September 17, 2004 |
Since new houses sometimes create a need for new schools, sewers and emergency workers, a Bucks County legislator wants school districts and municipalities to have the power to charge developers a fee for every home they build. "It's also a way to try to deal with the suburban sprawl issue. It's the penalty side of it," said State Rep. Scott Petri, a Republican. "Developers would be penalized for building new developments on farm ground. " Petri's bill will be heard Tuesday by the House Republican Policy Committee.
February 26, 2004 |
Gov. McGreevey denied yesterday that a new $150 million "petrochemical" levy in his proposed state budget was really a "stealth gas tax" increase. In a contentious give-and-take with reporters, he described his "petrochemical environmental impact fee" as "a tax paid on the use of petrochemicals, whether it's for plastics or Vaseline, for petrochemical usage. " McGreevey introduced his $26.3 billion budget Tuesday, outlining an array of spending increases and new programs that were applauded by a variety of interest groups.
November 13, 2003 |
Builders' groups expressed support yesterday for two anti-sprawl measures that may be passed in the lame-duck legislative session beginning today. But the endorsement came as developers condemned the McGreevey administration's other "smart-growth" efforts, contending that regulations designed to curb building in environmentally sensitive areas will drive housing costs up by a third. For the first time since Gov. McGreevey introduced his anti-sprawl proposals in January, bipartisan legislative support appears to be aligned for two of them.
January 17, 2003 |
Gov. McGreevey's proposal to allow towns in New Jersey to declare a one-year moratorium on building would do more harm than good. Such action would unfairly single out a narrow slice of the business community, devastate a major part of the state's economic engine, create layoffs, deprive people of homes, and polarize the Smart Growth debate. If the homes being delayed meet all legal requirements, they still will be built. With one million people projected to move into New Jersey in the next 15 to 20 years, we agree with Gov. McGreevey that growth is one of the most serious issues we face.
May 10, 2002 |
Sprawl - how to control it, how to live with it, and who has done more to fight it - was the undercurrent of a debate last night between Republican candidates for the 143d District state House seat. Incumbent Charles T. "Chuck" McIlhinney Jr. and Betsy Helsel, a Plumstead Township supervisor representing dissident Bucks County Republicans, touched on the subject in responses to questions on impact fees for developers, pollution, the proposed Route 202 bypass - and even slot machines.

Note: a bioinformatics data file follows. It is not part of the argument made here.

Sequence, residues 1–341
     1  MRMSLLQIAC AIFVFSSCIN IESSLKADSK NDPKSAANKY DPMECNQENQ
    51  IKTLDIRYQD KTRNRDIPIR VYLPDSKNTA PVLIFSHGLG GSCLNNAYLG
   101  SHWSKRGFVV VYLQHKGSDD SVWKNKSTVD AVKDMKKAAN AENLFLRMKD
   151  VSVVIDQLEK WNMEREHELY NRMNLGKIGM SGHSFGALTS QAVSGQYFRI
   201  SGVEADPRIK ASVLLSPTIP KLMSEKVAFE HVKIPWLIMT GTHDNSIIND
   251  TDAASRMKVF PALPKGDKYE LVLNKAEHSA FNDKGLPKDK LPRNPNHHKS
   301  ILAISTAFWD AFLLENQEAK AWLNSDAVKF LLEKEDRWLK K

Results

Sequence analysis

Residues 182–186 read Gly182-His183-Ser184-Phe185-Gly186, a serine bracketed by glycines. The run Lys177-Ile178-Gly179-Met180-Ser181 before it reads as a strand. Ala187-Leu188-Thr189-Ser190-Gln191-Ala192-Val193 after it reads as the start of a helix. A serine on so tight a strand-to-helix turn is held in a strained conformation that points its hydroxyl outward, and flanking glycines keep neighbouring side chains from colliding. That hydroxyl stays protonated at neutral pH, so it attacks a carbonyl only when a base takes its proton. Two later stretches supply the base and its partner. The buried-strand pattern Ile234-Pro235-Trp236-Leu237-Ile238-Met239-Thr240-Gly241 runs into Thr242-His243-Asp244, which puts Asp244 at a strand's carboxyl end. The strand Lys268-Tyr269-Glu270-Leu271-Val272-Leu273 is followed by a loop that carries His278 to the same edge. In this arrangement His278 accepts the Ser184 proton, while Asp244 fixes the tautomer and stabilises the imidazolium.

January 13, 2002 |
Impact fees provide one of the most potent weapons for both sides in the battle over sprawl. Many residential builders contend that the fees charged by municipalities to offset the costs of development are excessive and result in higher home prices that shut first-time and lower-income buyers out of the suburban market. The National Association of Home Builders, the umbrella group for 205,000 of the country's builders, published a handbook in 1997 to help its members block local impact-fee legislation.
April 24, 2001 |
Growth and planning are issues that greatly concern the members of the Builders League of South Jersey and the New Jersey Builders Association. We applaud Stephen M. Sweeney, director of the Gloucester County Board of Chosen Freeholders, for his recognition that New Jersey must meet the shelter and workplace needs of a growing population ("Gloucester County: Much gain, no pain," April 17). We also agree that providing for our social and economic necessities need not come at the expense of the environment.
April 17, 2001 |
The 2000 census shows that Gloucester County is one of the fastest-growing regions in the state. Once the farm capital of New Jersey, Gloucester County is now a semiagricultural, suburban, bedroom community where people move to raise their families in a safe, affordable, clean environment. According to the census, Gloucester County's population grew more in the last 10 years, 10.7 percent, than the statewide average, 8.9 percent. The reason is that Gloucester County combines the appropriate mixture of farmland and open-space preservation, business and economic development, and residential growth.
May 17, 2000 |
What happens when your neighbor is about to approve a 100,000-square-foot office complex near the town border, and the only thing you get is more traffic? If you're Lower Makefield Township and your neighbor is Newtown Township, you ask PennDot to reject Newtown Office Commons' application for an access permit on the northwest corner of the troubled intersection of Lindenhurst Road and the Newtown Bypass (Route 332). At least until the traffic plans are improved. The developer, Brandywine Realty Trust of Newtown Square, awaits final approval from the Newtown Township Planning Commission and Board of Supervisors, said Thomas Harwood, Newtown Township's zoning officer and public works director.
February 14, 2000 |
Wary after losing revenue to changing tax laws for public utilities, Limerick Township has rewritten its zoning laws and negotiated a $5 million payment from the company building a natural-gas power plant here. PowerWorks, a private firm from Connecticut, agreed last month to pay the maximum spelled out in a new zoning ordinance, $3.5 million in impact fees for emergency services and $1.7 million to the Municipal Authority for sewers, said Township Solicitor Joseph McGrory Jr. Township Manager Ed Fink said the revenue might go toward building public parks, improving roads, relieving the debt of the township, and bringing public water to the Linfield area, near where the plant will be built.